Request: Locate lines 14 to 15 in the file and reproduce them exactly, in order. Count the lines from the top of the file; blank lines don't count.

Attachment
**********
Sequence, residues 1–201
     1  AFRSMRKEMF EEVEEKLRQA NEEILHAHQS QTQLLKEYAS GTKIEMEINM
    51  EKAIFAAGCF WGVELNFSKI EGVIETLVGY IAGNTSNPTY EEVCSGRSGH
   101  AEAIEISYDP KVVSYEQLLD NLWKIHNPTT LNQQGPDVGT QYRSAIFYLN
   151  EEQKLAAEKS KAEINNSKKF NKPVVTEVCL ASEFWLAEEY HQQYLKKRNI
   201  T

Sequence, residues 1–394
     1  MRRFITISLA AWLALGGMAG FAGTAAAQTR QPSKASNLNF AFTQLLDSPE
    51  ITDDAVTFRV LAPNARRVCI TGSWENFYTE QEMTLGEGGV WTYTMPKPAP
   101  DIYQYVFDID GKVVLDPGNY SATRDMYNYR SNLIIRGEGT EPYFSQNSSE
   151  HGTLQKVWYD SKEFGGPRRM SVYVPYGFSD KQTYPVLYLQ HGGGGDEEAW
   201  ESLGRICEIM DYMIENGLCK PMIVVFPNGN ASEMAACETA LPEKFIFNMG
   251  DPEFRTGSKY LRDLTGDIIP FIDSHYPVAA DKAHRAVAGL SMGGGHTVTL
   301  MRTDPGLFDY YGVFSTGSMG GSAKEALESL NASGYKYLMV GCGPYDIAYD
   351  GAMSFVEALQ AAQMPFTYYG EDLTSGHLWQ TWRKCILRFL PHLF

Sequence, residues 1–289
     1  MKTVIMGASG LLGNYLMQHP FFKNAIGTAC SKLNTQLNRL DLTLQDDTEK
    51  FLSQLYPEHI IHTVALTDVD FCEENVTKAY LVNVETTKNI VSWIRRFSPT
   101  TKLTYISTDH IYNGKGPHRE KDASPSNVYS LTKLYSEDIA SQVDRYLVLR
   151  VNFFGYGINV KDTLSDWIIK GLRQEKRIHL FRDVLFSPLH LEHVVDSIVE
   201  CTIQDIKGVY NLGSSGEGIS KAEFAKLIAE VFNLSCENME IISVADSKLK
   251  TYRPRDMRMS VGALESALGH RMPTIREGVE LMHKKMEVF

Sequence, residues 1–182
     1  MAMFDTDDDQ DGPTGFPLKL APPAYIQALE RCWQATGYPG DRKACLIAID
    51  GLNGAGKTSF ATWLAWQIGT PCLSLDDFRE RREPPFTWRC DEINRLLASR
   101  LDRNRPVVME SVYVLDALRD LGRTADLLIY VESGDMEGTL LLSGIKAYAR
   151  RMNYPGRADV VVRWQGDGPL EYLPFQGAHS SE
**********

   301  MRTDPGLFDY YGVFSTGSMG GSAKEALESL NASGYKYLMV GCGPYDIAYD
   351  GAMSFVEALQ AAQMPFTYYG EDLTSGHLWQ TWRKCILRFL PHLF